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J Immunol. 2014 Feb 15;192(4):1815-23. doi: 10.4049/jimmunol.1300047. Epub 2014 Jan 22.

IL-37 ameliorates the inflammatory process in psoriasis by suppressing proinflammatory cytokine production.

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State Key Laboratory of Biotherapy, West China Hospital, Sichuan University, Chengdu, Sichuan 610041, People's Republic of China;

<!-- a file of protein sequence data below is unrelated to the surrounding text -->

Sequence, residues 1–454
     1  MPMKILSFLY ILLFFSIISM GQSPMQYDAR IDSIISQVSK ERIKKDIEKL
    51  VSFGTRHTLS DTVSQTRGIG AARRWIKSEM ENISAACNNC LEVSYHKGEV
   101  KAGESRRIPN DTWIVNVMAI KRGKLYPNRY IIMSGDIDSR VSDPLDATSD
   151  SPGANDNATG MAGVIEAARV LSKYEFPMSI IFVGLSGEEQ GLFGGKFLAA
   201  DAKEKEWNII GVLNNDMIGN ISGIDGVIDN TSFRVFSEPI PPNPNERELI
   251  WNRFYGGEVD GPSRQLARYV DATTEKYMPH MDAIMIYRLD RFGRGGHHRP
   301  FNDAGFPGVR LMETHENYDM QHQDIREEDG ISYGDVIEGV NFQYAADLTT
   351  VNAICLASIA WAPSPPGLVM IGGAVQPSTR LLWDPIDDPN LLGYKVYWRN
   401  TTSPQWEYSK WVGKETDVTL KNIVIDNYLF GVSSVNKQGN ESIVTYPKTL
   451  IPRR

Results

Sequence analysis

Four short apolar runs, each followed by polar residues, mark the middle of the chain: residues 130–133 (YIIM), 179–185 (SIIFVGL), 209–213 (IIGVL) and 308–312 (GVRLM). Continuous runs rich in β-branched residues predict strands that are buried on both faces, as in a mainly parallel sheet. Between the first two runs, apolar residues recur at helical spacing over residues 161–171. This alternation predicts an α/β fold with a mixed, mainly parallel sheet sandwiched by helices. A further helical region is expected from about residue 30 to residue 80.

IL-37 is a potent inhibitor of innate immunity by shifting the cytokine equilibrium away from excessive inflammation. Psoriasis is thought to be initiated by abnormal interactions between the cutaneous keratinocytes and systemic immune cells, triggering keratinocyte hyperproliferation. In the current study, we assessed IL-37 in two well-known psoriasis models: a human keratinocyte cell line (HaCaT) and the keratin 14 VEGF-A-transgenic mouse model. First, we used the HaCaT cell line, which was transiently transfected with an overexpressing IL-37 vector, and tested the effect of IL-37 on these cells using a mixture of five proinflammatory cytokines. IL-37 was effective in suppressing the production of CXCL8, IL-6, and S100A7, which were highly upregulated by the mixture of five proinflammatory cytokines. Keratin 14 VEGF-A-transgenic mice were treated with plasmid coding human IL-37 sequence-formulated cationic liposomes, and we observed potent immunosuppressive effects over the 18-d period. In this model, we observed reduced systemic IL-10 levels, local IFN-γ gene transcripts, as well as mild mast cell infiltration into the psoriatic lesions of the mice. Immunohistochemical analysis indicated that IL-37 was expressed by effector memory T cells, as well as macrophages, in human psoriatic plaques. In conclusion, our studies strongly indicate that IL-37 plays a potent immunosuppressive role in the pathogenesis of both experimental psoriasis models in vitro and in vivo by downregulating proinflammatory cytokines. Importantly, our findings highlight new therapeutic strategies that can be designed to use this immunosuppressive anti-inflammatory cytokine in psoriasis and other inflammatory cutaneous diseases.

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